The Sewards

The collection of William H. Seward Papers at the University of Rochester is widely recognized as a rich resource on the life and career of William Henry Seward, state senator (1831-1838), Governor of New York (1838-42), U. S. Senator (1849-60), and Secretary of State (1860-69) under Presidents Lincoln and Johnson. Seward is generally seen as the leading figure in American diplomacy of the nineteenth century, as a close advisor of two Presidents during national and international crises, and remembered for his Civil War diplomacy with European nations and the post-war negotiation of the Alaska Purchase, among other accomplishments. He was a significant Anti-Mason, Whig, and then Republican anti-slavery politician on the national scene, famous for his “higher law” and other major speeches, for nearly being the Republican nominee for President in 1860, and as a significant reform governor, particularly in the areas of immigration, education, law, and prisons.


When defining members of the family, we began with the residents of 33 South Street, Auburn, NY. This includes all family members who lived in the house, their significant others, friends, and descendants from 1817-1920. In addition to family members, letters also include correspondence from members of the household staff (e.g., 26 letters from Sarah Hance, Fanny Seward’s tutor), which included African-Americans, some of whom were escaped or emancipated slaves, and Irish and German immigrants. Household staff are also mentioned in the family letters and household accounts. We also consider Frances’s sister, Lazette M. Worden, her husband Alvah, and their daughter Frances Worden Chesebro as family. William Henry’s (Henry to his family) four siblings (Benjamin Jennings, Edwin Polydore, George Washington, and Louisa Cornelia Canfield) and their spouses and children, and their parents (Samuel S. and Mary Jennings Seward) are family members as well, and there is substantial correspondence documenting the closeness of these relationships, for good and for ill. We also include the correspondence of two adopted family members, one, Clarence A. Seward, the son of Henry’s deceased brother Jennings, and the other Olive Risley Seward, adopted after the death of Henry’s wife and daughter; the correspondence with Olive’s father and sister is included as well. Finally, we have a letter from a former slave, Rossetta Alexander, who claimed to be the daughter of Henry from his youth, when he taught school and lived on a Georgia plantation. Without judging the content, we include this letter as family correspondence.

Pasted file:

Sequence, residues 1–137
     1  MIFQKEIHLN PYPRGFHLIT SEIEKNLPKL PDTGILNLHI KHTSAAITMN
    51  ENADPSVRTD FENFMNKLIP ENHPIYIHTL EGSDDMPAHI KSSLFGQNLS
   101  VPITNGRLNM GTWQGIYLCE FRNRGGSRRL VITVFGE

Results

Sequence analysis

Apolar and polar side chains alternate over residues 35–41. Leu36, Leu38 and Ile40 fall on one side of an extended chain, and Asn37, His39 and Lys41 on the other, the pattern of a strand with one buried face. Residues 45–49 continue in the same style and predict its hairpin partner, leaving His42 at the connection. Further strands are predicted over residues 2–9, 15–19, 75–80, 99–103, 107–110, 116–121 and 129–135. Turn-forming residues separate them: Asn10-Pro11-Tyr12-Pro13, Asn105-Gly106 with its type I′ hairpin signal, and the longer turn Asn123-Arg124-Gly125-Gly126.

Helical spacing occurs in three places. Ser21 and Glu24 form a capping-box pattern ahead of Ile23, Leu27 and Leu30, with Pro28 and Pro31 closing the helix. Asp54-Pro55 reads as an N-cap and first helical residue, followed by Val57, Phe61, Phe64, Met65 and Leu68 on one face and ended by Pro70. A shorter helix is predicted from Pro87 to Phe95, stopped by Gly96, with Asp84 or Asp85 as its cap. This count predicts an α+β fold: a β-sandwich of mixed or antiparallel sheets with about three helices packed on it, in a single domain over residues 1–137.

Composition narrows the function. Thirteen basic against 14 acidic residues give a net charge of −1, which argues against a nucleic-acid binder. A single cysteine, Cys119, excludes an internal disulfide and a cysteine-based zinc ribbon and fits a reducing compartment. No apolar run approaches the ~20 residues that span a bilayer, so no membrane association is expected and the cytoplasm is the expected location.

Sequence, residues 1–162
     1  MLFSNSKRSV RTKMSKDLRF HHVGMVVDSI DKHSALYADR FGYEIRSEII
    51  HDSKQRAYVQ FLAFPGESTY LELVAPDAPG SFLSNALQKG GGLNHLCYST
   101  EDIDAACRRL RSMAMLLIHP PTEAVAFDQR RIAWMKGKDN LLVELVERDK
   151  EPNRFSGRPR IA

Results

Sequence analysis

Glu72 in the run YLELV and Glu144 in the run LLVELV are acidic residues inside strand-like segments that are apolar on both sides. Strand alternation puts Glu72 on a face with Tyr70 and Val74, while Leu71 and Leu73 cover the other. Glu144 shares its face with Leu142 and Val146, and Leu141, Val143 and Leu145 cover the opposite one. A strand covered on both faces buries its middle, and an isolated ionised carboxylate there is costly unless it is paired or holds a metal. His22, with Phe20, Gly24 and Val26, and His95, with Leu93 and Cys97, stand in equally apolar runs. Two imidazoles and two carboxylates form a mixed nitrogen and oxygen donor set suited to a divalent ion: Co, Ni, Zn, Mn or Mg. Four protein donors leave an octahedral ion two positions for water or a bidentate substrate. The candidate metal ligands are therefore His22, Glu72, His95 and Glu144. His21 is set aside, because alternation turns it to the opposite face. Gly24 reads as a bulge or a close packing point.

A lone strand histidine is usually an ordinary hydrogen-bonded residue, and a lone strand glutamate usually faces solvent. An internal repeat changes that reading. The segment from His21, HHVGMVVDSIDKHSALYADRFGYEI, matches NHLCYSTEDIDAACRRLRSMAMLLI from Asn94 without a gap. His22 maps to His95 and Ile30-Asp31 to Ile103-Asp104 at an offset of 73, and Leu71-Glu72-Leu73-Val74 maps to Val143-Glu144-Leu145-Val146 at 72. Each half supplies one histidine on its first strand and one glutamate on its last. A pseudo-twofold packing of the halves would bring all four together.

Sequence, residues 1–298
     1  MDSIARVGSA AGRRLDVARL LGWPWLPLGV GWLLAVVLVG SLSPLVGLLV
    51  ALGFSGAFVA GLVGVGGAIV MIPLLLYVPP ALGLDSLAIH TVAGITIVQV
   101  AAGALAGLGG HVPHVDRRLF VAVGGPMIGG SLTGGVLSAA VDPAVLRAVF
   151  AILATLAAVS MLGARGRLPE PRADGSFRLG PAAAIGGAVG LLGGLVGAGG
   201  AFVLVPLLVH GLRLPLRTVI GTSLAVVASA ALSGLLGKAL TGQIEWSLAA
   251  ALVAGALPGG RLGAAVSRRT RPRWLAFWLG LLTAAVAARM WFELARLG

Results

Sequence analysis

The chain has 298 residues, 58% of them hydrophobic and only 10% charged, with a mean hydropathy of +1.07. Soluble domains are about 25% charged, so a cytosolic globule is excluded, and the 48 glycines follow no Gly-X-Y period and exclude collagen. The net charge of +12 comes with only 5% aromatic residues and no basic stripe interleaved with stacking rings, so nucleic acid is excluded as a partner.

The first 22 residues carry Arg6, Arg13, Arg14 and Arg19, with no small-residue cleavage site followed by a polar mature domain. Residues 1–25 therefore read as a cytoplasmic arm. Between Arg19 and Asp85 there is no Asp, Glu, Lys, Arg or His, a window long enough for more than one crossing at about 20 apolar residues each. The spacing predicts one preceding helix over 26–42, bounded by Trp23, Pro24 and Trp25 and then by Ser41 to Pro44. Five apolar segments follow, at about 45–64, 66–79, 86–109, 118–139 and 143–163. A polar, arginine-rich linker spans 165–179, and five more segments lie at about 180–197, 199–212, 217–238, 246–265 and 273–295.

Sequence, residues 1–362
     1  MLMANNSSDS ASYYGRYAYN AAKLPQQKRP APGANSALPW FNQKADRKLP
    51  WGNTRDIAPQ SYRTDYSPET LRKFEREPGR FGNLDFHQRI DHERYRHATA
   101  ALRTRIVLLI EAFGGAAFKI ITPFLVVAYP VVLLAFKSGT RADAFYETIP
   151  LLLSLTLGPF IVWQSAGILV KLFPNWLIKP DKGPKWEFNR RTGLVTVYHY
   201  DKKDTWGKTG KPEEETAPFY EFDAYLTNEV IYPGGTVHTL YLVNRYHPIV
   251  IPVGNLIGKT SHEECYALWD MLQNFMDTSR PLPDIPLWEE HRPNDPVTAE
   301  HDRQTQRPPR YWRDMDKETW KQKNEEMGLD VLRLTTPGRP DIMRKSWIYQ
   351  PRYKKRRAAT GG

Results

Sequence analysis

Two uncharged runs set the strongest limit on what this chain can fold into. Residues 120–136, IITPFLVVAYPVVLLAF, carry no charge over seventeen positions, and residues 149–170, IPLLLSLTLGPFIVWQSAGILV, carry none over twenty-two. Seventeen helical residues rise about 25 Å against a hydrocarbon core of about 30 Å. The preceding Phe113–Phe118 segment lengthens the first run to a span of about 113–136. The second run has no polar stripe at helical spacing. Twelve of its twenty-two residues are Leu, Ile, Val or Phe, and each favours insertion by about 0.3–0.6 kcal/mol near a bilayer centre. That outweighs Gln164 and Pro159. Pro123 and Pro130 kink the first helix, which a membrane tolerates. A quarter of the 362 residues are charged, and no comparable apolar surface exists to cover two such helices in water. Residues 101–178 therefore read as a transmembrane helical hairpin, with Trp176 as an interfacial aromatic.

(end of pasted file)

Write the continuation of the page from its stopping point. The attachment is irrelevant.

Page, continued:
Correspondence from family members’ friends is included in the archive for two reasons. Most of this correspondence, something close to 400 letters, is from women, mainly from upstate New York, and offers additional content to family stories told in the other letters. There is also material on male friendships, including Frances’s correspondence with Albert H. Tracy and Senator Charles Sumner, correspondence between Henry and his political mentor Thurlow Weed, David Berdan, Jr., his closest friend from college, and with Albert H. Tracy, which records a very intimate friendship, and then a breach, with political implications that also carries a whiff of familial scandal. The letters enable historians and other humanists to contextualize personalities and views that have often led Seward scholars to speculate on what they saw as the eccentricities of his wife Frances and the relationships between public and domestic lives.